This guide was written prior to the October 2023 escalation of hostilities between Israel and Palestinian militant groups. The ongoing conflict has markedly affected the safety and advisability of travel to the region. Please consult with relevant authorities and exercise extreme caution when considering travel to Israel and the surrounding areas.


Housing prices have risen sharply in Israel in recent years. Locals were moving out of city centres due to high property costs before this when the housing market was stagnant, and the continually increasing prices now are therefore bound to cause an even greater stir. 

To decrease their housing costs, most expats and locals living in Israeli cities rent their accommodation and often live with housemates. Those who immigrate to Israel due to their Jewish heritage are usually entitled to a housing and council tax discount.


Types of accommodation in Israel

Apartments are by far the most common property type in Israel, although houses outside the city are a feasible alternative.

Apartments

Property standards vary considerably in Israel. Many low-end apartments have not been refurbished since they were first built in the 1970s or 1980s, while new developments frequently offer amenities such as shared gardens, fitness rooms, and sometimes even swimming pools.

Houses

More extensive properties suitable for families tend to be found in suburban areas. Most of these are modern properties, many of which are custom-built to meet the owner’s specifications. 

Furnished or unfurnished

Furnished apartments are not as common as unfurnished ones. If renting a furnished home, expats should not expect it to contain as many facilities and furnishings as are expected in other countries. Most homes are unfurnished and come completely bare. Expats should be prepared to pay for appliances such as ovens, fridges, washing machines and sometimes even air conditioning units.

Short lets

For those not looking for a long-term commitment or only planning to stay in Israel for a short period, short-term rentals are an ideal option. These accommodations are often furnished, equipped with essential amenities, and strategically located in urban centres or tourist hotspots. Prices for these rentals can vary depending on the location and the duration of the lease. Some might come with added perks like housekeeping services or access to communal facilities.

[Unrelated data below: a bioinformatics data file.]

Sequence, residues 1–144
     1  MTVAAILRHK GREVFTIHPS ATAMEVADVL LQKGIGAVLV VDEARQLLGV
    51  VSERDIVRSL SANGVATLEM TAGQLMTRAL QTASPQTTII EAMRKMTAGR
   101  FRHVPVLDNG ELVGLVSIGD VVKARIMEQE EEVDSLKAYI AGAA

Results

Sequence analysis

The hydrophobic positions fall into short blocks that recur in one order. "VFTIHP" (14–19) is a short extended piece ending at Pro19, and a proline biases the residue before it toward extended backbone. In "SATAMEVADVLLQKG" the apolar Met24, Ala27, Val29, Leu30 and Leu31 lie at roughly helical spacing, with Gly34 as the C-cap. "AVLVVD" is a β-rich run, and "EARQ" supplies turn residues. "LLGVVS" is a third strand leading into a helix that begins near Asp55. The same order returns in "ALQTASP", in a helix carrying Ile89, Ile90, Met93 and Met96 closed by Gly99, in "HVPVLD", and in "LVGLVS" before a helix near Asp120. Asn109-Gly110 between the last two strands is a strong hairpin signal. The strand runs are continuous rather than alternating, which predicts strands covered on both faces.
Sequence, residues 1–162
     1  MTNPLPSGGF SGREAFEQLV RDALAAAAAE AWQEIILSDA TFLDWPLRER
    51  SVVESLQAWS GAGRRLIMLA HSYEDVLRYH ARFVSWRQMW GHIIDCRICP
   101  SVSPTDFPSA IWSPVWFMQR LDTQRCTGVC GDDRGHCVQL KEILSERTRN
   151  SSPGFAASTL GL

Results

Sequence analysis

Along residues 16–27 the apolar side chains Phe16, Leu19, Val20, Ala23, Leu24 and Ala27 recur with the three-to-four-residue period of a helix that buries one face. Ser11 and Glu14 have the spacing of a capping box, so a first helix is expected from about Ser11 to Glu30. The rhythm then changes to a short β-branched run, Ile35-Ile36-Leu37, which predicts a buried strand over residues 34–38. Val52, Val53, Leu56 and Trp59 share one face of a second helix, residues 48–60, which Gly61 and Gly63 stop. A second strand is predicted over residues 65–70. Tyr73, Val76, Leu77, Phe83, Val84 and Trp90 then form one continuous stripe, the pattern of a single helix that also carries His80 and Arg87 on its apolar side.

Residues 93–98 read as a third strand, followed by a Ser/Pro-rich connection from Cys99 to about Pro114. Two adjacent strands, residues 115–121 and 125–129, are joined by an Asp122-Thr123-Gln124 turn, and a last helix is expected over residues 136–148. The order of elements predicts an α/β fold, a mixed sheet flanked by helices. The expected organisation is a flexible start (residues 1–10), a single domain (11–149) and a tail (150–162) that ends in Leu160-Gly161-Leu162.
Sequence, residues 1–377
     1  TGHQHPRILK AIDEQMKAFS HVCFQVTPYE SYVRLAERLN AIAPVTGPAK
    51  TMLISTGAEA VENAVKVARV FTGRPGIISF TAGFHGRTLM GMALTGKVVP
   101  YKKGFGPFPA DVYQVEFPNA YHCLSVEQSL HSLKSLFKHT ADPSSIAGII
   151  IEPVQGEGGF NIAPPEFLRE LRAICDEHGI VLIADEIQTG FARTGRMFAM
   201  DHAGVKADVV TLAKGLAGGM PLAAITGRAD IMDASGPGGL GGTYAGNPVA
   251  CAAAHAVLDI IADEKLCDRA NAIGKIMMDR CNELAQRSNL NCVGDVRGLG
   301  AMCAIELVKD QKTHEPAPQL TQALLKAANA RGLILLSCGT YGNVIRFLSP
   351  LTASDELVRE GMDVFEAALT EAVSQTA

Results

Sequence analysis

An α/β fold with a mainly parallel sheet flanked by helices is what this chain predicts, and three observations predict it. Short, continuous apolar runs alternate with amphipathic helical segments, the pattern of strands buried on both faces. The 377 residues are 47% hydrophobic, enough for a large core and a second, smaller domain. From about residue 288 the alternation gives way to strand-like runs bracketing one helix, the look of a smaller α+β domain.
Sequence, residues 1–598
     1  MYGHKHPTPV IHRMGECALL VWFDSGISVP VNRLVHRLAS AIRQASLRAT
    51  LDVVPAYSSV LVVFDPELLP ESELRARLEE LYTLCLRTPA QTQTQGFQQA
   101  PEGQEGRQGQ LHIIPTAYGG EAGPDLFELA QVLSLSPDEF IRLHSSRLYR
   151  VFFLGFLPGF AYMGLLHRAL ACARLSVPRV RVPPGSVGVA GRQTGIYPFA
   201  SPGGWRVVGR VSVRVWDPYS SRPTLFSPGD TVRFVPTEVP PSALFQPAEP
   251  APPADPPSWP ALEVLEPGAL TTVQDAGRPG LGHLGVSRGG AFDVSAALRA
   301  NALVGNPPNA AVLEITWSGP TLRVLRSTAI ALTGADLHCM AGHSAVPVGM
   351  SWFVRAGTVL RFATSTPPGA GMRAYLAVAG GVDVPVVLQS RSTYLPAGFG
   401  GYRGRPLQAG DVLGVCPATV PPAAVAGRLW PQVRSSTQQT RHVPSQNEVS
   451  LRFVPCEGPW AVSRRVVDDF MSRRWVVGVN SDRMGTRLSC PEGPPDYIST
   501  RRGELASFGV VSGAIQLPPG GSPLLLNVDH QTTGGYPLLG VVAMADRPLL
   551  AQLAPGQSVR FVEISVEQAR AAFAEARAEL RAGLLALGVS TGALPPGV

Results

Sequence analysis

It’s also not uncommon for expats and tourists to opt for serviced apartments or Airbnb rentals, which offer flexibility and often a more personalised touch to the stay.


Finding accommodation in Israel

Most new arrivals find a home in Israel through online property portals. Finding a home through a real estate agency is possible, but many Israelis have traditionally avoided this route, as agency fees are usually equivalent to a full month’s rent. That said, if a landlord hires a real estate agent, the agent fees for most rental agreements are paid by the landlord, not prospective tenants.  

When looking for an apartment in Israel, expats should note that ‘one room’ means just that: a studio apartment. ‘Two rooms’ means a living room and a bedroom. Apartments are often advertised as having ‘one and a half’ rooms, which generally means that there is some kind of partition inside the room.

Useful links

  • Expats can visit property rental websites like Yad2, a popular Israeli classifieds platform for real estate.
  • For those preferring serviced apartments or short-term stays, platforms like Airbnb have a plethora of listings across the country.

Renting accommodation in Israel

Expats will most likely be dealing with a private landlord when signing a contract for an apartment in Israel. It is imperative for tenants to understand their contracts. Expats who don’t speak Hebrew are strongly advised to bring a native speaker along to assist.

Application process